By Roberta Attanasio
Food-born parasites affect the health of millions of people all around the world, causing huge social costs. However, we don’t know much about these parasites — where they come from, how they live in the human body, and how they make us sick.
Today (July 1, 2014), the Food and Agriculture Organization of the United Nations (FAO) released, along with the World Health Organization (WHO), a report — Multicriteria-based ranking for risk management of food-borne parasites — as a first step in tackling the problem.
Parasites are organisms that derive nourishment and protection from other living organisms known as hosts. Parasites that are present in food cause food-borne infectious diseases. They are classified biologically as protozoa (single-celled organisms) or helminths (better known as tapeworms, flatworms and roundworms).
Infectious diseases caused by food-borne parasites have not received the same level of attention as other food-borne biological and chemical hazards. Nevertheless, they cause a high burden of disease in humans, may have prolonged, severe, and sometimes fatal outcomes, and result in considerable hardship in terms of food safety, security, quality of life, and negative impacts on livelihoods. It is difficult to know how widespread these parasites are globally — in many countries it is not compulsory to notify public health authorities of their presence.
- In Europe, more than 2,500 people are affected by food borne parasitic infections each year. In 2011 there were 268 cases of trichinellosis and 781 cases of echinococcosis recorded in the EU.
- In Asia, there is no precise national data but parasitic diseases are known to be widely spread and are recognized as major public health problems in many countries.
- In most African nations there is no data at all on the prevalence of food borne parasites in humans because there of a general lack of surveillance systems.
- In the United States, Neurocysticercosis, caused by Taenia solium, is the single most common infectious cause of seizures in some areas of the US where 2 000 people are diagnosed with neurocysticercosis every year. Toxoplasmosis is a leading cause of food-borne illness and death.
The FAO-WHO report was developed following a request by the global food standards body, the Codex Alimentarius Commission (Codex), to review the current status of knowledge on parasites in food and their public health and trade impacts. FAO’s food safety and quality unit and WHO responded by jointly organizing a global call for information on the problem. Twenty-two nations and one regional body responded, followed by an assessment and analysis by 21 experts on the impact of food-borne parasites.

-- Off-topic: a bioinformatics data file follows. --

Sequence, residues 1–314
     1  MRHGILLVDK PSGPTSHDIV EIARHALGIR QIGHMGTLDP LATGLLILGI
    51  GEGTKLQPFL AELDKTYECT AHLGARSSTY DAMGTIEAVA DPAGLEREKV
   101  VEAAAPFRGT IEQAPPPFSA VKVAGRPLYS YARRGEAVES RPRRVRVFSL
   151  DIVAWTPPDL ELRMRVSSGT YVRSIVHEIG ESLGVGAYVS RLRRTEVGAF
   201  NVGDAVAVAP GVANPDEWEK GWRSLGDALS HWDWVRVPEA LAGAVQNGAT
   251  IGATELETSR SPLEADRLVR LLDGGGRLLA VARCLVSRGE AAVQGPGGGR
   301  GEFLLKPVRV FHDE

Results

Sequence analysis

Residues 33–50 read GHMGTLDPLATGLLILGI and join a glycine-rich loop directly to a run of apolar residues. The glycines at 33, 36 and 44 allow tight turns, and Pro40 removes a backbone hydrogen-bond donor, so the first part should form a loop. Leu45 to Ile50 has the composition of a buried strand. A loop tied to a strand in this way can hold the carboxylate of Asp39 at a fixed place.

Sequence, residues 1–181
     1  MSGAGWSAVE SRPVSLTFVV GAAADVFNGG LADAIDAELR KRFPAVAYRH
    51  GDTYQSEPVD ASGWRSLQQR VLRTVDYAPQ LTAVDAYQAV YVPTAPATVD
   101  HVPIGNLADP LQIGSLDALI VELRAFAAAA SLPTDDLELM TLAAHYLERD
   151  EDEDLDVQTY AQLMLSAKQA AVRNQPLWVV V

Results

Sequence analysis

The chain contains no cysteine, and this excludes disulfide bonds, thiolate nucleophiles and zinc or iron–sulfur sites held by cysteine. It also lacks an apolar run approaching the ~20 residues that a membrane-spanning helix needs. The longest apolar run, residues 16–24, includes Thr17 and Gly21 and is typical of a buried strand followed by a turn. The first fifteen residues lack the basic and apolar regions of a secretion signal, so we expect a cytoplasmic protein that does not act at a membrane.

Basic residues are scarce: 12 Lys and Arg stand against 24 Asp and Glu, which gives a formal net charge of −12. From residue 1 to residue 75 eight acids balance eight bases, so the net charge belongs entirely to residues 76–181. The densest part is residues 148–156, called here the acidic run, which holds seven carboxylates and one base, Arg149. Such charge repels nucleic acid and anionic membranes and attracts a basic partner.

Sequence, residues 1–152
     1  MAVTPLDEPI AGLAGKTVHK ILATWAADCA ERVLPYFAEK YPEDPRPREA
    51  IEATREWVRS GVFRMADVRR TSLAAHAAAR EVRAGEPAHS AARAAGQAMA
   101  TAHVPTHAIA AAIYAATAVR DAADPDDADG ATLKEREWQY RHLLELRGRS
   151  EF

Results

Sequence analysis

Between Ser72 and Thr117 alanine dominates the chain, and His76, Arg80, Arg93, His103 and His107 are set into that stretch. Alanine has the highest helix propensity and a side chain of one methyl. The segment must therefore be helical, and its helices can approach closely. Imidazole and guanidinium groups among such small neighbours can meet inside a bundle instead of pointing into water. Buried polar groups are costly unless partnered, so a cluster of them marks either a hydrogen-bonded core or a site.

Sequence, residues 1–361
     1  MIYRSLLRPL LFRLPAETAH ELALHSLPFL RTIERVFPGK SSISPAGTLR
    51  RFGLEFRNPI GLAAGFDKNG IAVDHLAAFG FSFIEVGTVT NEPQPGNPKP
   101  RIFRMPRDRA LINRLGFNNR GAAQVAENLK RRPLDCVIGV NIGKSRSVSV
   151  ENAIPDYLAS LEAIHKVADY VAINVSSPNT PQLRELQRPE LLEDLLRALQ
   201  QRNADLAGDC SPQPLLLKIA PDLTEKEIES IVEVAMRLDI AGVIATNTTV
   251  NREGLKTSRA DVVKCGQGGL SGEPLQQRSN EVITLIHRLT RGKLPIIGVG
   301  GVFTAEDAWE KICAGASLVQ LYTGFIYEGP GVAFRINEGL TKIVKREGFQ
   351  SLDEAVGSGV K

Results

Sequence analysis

From this work, an initial list of 93 parasites was developed. The list was then narrowed down to the 24 most damaging parasites based on the following criteria: 1) number of global illnesses, 2) global distribution 3) acute morbidity 4) chronic morbidity and 5) economic impact.
The top ten food-born parasites are:
- Taenia solium (pork tapeworm): In pork
- Echinococcus granulosus (hydatid worm or dog tapeworm): In fresh produce
- Echinococcus multilocularis (a type of tapeworm): In fresh produce
- Toxoplasma gondii (protozoa): In meat from small ruminants, pork, beef, game meat (red meat and organs)
- Cryptosporidium spp.(protozoa): In fresh produce, fruit juice, milk
- Entamoeba histolytica (protozoa): In fresh produce
- Trichinella spiralis (pork worm): In pork
- Opisthorchiidae (family of flatworms): In freshwater fish
- Ascaris spp. (small intestinal roundworms): In fresh produce
- Trypanosoma cruzi (protozoa): In fruit juices
“Obviously this top ten is a more general, global perspective and does not necessarily reflect parasite rankings at a national level where each country may have more precise information,” said Renata Clarke, head of food safety and quality at FAO.
“But considering the problems they cause, these parasites do not get the attention they deserve. We hope that by releasing a top ten ranking we can increase awareness among policy makers, the media and the general public about this major public health issue,” she added.
The FAO-WHO report lists a number of ways to reduce the risk of parasite infections. For farmers, it advises the use of organic fertilizer, particularly on produce, should be closely monitored to ensure it is composted properly and all fecal matter is removed. Water quality must also be closely monitored. For consumers, it advises that all meat should be well cooked and only clean water should be used to wash and prepare vegetables.